verb (used with object), in·spired, in·spir·ing.
- to infuse (breath, life, etc.) by breathing (usually followed by into).
- to breathe into or upon.
verb (used without object), in·spired, in·spir·ing.
Origin of inspire
Examples from the Web for inspire
Contemporary Examples of inspire
There is, however, a separate wing of AQAP designed to inspire their followers to conduct attacks against the West.U.S. Spies See Al Qaeda Fingerprints on Paris Massacre
Shane Harris, Nancy A. Youssef
January 8, 2015
But these were technical solutions and unlikely to inspire protests alone.Sharpton Recalls Civil Rights Struggle in DC March Against Police Violence
December 13, 2014
The 2014 election was a wipeout, progressives say, because Democrats lacked a bold economic message to inspire voters.Progressives: Big Ideas Will Win Us 2016
December 10, 2014
Miraculously, Malala survived, and her courage, wisdom, and optimism have continued to transfix and inspire the world.Promoting Girls’ Education Isn’t Enough: Malala Can Do More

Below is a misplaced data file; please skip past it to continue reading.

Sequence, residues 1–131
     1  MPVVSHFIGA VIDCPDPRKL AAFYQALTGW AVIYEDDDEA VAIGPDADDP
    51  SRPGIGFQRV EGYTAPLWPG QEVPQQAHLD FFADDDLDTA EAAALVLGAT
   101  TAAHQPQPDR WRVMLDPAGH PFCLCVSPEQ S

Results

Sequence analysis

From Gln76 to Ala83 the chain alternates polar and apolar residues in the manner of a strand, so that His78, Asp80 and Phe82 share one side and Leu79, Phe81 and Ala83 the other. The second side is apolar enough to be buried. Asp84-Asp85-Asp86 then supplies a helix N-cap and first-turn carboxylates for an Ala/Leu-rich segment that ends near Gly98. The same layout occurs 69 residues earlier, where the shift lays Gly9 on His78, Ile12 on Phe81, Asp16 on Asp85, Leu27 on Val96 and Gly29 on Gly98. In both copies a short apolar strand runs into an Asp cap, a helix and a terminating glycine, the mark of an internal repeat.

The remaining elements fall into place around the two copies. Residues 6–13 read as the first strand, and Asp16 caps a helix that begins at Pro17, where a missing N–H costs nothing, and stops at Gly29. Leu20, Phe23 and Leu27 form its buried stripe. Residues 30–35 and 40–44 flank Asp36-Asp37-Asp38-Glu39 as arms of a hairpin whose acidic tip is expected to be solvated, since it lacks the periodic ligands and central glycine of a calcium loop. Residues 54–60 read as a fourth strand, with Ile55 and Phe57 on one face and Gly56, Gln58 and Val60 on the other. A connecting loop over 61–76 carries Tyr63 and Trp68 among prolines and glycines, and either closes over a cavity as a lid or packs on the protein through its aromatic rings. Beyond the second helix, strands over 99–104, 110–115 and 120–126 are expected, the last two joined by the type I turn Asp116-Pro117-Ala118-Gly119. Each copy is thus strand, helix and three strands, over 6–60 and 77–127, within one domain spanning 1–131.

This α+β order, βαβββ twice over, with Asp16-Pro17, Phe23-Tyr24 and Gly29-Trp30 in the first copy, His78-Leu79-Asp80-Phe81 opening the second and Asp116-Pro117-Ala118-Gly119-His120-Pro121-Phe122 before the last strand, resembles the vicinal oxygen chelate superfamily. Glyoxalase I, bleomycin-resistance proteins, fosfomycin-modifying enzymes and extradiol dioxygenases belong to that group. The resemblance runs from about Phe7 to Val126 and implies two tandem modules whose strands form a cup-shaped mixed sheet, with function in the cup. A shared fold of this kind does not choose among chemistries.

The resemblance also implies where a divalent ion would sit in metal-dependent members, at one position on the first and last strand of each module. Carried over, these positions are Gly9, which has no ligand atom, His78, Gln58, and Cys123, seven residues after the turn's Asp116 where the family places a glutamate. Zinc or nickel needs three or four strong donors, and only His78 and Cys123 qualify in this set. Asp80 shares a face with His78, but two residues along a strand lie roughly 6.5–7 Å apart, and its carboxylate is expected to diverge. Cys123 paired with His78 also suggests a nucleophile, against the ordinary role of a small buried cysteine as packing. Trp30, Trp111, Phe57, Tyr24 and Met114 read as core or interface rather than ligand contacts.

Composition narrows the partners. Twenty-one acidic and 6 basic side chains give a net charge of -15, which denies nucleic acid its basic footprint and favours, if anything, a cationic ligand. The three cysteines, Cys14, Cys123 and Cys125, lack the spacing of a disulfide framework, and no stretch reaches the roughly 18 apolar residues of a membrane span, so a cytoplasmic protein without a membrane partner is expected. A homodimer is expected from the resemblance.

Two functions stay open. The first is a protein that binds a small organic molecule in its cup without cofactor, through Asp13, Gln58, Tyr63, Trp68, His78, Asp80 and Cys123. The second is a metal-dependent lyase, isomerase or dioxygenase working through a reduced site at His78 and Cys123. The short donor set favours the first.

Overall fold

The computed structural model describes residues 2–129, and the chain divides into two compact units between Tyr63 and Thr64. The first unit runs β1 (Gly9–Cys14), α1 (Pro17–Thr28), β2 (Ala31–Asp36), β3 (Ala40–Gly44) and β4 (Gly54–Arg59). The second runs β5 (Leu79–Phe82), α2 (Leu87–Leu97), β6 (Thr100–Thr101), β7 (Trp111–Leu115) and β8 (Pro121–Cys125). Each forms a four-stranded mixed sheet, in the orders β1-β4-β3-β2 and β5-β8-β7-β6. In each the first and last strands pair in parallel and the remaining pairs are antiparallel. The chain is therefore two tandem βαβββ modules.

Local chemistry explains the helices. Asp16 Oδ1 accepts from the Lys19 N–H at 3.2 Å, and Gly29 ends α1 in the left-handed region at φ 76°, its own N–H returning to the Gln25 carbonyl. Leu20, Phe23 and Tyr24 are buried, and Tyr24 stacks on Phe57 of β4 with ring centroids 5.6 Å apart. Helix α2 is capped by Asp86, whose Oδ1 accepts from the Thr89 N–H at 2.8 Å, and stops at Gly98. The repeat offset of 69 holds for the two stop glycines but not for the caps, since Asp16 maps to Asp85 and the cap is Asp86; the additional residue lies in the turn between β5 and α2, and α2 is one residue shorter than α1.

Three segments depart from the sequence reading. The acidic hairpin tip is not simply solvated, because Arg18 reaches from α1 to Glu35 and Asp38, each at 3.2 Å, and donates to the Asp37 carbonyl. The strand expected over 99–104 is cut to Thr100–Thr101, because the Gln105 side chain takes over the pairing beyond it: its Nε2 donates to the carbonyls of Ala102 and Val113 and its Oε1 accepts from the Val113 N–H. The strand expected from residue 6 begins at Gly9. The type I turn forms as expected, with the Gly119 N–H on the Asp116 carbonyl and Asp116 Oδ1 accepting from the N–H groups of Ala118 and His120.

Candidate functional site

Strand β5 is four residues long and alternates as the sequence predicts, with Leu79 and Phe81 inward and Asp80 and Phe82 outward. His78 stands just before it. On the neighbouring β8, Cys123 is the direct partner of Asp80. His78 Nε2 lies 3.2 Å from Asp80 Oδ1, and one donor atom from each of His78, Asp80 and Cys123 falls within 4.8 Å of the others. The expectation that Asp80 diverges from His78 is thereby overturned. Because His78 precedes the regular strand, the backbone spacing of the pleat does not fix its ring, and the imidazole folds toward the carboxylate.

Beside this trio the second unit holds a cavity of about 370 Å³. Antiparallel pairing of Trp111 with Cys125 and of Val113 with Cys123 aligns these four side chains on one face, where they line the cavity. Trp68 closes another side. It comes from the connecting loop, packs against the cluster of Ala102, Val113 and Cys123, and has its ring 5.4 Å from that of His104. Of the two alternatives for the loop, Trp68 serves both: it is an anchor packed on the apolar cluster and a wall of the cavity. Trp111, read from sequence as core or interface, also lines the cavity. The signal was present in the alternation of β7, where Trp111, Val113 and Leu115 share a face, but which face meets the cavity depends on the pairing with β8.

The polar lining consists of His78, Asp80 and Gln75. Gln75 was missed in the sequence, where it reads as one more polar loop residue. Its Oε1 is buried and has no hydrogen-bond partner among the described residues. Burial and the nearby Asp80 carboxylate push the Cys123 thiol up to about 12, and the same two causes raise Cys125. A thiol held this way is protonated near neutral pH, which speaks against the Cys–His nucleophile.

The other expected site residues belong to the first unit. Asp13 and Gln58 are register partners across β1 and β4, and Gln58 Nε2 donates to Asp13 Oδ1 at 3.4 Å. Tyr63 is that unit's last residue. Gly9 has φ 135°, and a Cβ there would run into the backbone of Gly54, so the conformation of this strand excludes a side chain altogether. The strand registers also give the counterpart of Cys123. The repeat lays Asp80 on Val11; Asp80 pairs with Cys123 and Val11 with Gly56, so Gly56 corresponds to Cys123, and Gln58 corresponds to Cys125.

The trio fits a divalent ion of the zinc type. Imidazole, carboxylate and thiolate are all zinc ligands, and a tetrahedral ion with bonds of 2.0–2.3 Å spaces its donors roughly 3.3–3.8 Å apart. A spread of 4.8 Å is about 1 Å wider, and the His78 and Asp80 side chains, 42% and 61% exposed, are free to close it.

December 9, 2014
I would like to inspire some people from Africa, and my country, to try and work hard and be a supermodel.I Got Kicked Out Of The Victoria’s Secret Fashion Show
December 3, 2014
Historical Examples of inspire
Calm and quiet when danger raged, he could inspire in his comrades a boundless confidence.The Heart of Pinocchio
What power so dangerous, when moral earnestness ceases to inspire the feelings?The Mirrors of Downing Street
Everything here appears calculated to inspire kind and happy feelings, for everything is delicate and beautiful.Washington Irving
Charles Dudley Warner
It would have been difficult to find models more fitted to inspire a great painter.The Wandering Jew, Complete
Besides her distinguished beauty, Lady Blessington offered much, in her life and surroundings, to inspire a painter.
- to breathe into or upon
- to breathe life into
Word Origin for inspire
mid-14c., enspiren, "to fill (the mind, heart, etc., with grace, etc.);" also "to prompt or induce (someone to do something)," from Old French enspirer (13c.), from Latin inspirare "inflame; blow into" (see inspiration), a loan-translation of Greek pnein in the Bible. General sense of "influence or animate with an idea or purpose" is from late 14c. Also sometimes used in literal sense in Middle English Related: Inspired; inspires; inspiring.